These findings are shared for research purposes and indications for decision makers to help them broaden perspectives and expand understanding until they materialize in a reviewed paper.

Humidity levels

We have found an inverse correlation between humidity levels and absolute death counts.

  March average relative humidity % (-0.63, significant at 0.01)

  January average relative humidity % (-0.58, significant at 0.05)

  February average relative humidity % (-0.56, significant at 0.05)


A similar trend is also confirmed in the study from Beihang University in Beijing, China that R0 is lowered by 0.0225 and 0.0158, respectively for absolute temp in C and relative % in humidity. Both factors use the real line centering at 0 C and 0%:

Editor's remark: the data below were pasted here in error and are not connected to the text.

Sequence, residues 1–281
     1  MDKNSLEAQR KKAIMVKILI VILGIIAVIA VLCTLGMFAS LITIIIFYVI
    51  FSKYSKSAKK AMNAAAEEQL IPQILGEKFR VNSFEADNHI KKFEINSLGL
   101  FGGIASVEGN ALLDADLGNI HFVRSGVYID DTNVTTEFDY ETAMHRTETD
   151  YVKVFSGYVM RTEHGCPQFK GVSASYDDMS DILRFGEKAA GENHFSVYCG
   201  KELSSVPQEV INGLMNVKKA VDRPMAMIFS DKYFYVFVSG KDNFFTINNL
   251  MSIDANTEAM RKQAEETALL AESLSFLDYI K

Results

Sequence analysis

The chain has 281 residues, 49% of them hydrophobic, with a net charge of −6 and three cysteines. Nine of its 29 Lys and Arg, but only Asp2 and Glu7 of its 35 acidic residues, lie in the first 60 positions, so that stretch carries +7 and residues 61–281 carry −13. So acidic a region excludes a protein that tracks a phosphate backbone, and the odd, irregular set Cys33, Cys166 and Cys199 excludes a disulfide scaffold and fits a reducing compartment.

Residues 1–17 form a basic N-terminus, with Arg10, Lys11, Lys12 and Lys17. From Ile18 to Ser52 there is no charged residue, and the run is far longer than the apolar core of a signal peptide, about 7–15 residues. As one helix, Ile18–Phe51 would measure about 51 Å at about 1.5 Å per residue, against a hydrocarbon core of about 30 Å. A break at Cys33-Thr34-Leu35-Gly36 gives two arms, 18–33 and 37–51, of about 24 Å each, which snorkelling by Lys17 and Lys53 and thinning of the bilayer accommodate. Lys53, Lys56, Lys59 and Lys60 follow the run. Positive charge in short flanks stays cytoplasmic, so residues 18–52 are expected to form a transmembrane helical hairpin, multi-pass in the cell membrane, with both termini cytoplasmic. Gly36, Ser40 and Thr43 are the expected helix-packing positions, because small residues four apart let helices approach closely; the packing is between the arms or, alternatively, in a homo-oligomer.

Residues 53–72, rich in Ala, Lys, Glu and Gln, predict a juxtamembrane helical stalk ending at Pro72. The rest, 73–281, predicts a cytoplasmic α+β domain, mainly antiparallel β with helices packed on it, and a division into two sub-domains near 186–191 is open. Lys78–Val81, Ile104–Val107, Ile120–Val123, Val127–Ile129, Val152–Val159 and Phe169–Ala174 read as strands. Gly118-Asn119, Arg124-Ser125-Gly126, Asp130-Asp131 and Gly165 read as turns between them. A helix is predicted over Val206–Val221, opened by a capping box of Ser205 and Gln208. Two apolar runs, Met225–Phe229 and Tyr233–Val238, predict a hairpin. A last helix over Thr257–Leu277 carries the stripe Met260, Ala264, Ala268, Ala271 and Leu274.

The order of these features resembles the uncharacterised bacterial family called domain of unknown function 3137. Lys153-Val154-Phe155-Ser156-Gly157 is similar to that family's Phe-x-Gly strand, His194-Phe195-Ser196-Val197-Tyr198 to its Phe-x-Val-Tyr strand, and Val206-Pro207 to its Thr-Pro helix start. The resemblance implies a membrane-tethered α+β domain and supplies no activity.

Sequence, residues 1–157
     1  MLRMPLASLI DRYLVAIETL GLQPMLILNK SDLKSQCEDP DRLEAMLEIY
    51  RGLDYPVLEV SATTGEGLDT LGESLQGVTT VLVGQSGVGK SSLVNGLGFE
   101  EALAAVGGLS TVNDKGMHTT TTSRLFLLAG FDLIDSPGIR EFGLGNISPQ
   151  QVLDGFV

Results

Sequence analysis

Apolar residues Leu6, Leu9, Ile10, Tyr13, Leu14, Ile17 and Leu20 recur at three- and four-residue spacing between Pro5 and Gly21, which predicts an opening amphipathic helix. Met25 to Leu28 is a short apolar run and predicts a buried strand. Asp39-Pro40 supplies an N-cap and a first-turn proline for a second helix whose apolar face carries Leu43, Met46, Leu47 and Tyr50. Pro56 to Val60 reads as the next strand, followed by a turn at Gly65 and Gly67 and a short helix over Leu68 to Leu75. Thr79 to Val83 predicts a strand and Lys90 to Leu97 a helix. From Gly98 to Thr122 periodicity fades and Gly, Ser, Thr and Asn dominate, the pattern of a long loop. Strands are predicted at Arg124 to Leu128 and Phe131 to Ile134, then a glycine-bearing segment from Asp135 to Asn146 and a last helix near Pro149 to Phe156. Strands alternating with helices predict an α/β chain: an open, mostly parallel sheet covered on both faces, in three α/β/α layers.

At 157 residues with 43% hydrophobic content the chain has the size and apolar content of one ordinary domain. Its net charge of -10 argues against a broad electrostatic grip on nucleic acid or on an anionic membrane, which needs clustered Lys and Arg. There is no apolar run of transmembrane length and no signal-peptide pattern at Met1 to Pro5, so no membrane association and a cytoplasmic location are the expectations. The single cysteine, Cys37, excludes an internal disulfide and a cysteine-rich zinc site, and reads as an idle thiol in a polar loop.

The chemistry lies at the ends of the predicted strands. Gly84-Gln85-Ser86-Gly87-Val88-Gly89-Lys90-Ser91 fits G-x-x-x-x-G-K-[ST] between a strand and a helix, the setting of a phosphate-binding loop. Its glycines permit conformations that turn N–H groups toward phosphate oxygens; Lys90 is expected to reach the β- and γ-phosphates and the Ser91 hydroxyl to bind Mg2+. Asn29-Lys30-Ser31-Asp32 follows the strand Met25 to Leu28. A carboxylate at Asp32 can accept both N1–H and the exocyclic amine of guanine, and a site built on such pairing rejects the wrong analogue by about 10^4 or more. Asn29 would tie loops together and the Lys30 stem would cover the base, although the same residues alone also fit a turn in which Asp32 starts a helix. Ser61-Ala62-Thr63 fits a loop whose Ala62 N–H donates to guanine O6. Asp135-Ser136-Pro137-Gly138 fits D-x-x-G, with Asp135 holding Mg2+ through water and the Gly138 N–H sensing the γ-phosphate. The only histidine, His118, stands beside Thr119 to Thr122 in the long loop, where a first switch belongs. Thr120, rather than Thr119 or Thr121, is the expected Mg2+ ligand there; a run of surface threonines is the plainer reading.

1 degree increase in temperature in Celsius in a 3-day average

  1% increase in relative humidity 


This is highly correlated with studies with influenza, too. Read the paper here:


This humidity correlation may contribute to explain why coastal cities often faired better. Londo, Madrid, Brussels, Milan, Paris  were hardest hit in Europe in that order whilst none is coastal. Hardest hit coastal cities would be Barcelona, Stockholm, and Amsterdam. The latter had either no lockdown or a very mild lockdown.


Humidity is only a factor as cities like Frankfurt or Berlin were mostly spared whilst New York was hit hard. These cases maybe explained by factors exposed further in this paper and related to context, policies and urbanism.

Solidity: Correlation and consistent with other studies

Impact : 2 (Significant)

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